Nowadays we use basically tree fern fiber alone or mixed to pebbles in many proportion, depending on the genus.
With Cattleya, the proportion is 1/3 of pebbles for 2/3 of tree fern fiber, with Cymbidium, is 50 to 50. For orchids with delicate roots, we just use tree fern fiber. With Vandaceous, we use nothing, just tie them to the hanging wood basket.
I would like to say that I am approaching the subject by the point of view of a big commercial orchid grower because for the small collections, the control is almost individual for each pot is easy and can be done, there is no problem to have the collection divided into many kinds of substrates and containers. But, in our case, as well as the other commercial nurseries, we need uniformity on the staging. With more than 150.000 adults plants, without counting the seedlings, there is no possibility to do differentiated watering.
Because of this and for many other reasons, in Terezópolis, all of our plants, except for Vandaceous and Oncidium, are planted in plastic containers.
We have already done experiences in alternative substrates and all of them can be considered disastrous. We tried to use only pebbles, it didn't work, it dries out excessively. We tried Acacia bark, a disaster. Due to low level of lignin and as a leguminous plant, it is too soft, retains too much water and hasn't enough oxygenation, the decomposing is processed in a high speed. Some times, in 6 months, it becomes a solid mass.
We have done a mixture formed by cork bark, small balls of polystyrene and sphagnum moss. First, if works well but then the chemical composition used in cork changed and didn't work any more. The cork sold is the residue of the cork stopper fabrication so it receives a chemical treatment inappropriate to orchid cultivation. Besides, it is a very expensive material. Solved the problem the control chemical products, it can work with a small collection but in a large extent, it wouldn't be economically possible.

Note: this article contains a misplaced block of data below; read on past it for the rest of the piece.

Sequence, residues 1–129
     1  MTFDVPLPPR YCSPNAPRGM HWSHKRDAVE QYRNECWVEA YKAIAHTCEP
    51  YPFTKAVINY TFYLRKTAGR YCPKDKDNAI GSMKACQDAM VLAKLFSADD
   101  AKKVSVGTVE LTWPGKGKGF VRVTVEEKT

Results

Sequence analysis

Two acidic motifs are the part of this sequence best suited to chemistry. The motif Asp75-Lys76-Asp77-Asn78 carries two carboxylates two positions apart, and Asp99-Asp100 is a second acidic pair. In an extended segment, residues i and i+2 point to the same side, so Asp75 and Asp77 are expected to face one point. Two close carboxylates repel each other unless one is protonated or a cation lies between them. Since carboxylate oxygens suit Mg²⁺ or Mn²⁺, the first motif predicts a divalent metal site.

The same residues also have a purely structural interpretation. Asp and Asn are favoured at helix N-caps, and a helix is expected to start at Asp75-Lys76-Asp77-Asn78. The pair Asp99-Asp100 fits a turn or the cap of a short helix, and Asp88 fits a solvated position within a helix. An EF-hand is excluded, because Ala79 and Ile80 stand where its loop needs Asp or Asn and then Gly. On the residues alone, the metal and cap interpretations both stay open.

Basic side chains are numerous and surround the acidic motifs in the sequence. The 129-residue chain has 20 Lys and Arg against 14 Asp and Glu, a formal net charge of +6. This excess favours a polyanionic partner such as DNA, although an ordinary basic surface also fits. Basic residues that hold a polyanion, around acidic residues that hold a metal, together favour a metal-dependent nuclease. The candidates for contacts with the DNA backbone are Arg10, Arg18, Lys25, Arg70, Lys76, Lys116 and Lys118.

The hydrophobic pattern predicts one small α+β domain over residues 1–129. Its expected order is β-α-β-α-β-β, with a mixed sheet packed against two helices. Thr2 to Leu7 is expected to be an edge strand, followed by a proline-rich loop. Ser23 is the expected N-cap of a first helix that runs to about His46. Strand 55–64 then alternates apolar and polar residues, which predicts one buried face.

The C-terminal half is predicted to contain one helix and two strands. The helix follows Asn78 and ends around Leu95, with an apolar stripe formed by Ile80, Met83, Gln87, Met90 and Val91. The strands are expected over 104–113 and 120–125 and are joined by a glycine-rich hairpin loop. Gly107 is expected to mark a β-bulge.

And the sphagnum moss, isn't it a good substrate?
Nowadays we have at our disposal the sphagnum moss from Chile so good as New Zealand's, which doesn't crumble as our. It is an excellent substrate but not for all orchids. For Masdevallia and some orchids with delicate roots is terrific but its decomposing is very fast and have to be replaced every year.
It is excellent to recover plants and can be used in community pots. The watering control must be very rigid. Another problem is the very slowly growth, there is no way to be replace at short date. It becomes a very expensive substrate, not possible to a large extent.
However, concerning this question, many experiences are being done or had already done. In USA, far bark is very used, comes from California region. To use the bark from resinous trees, it is necessary to eliminate the resin they have. It seems that in the South of Brazil, it has been used and works very well but it is still very expensive. I've seen good results with this kind of cultivation.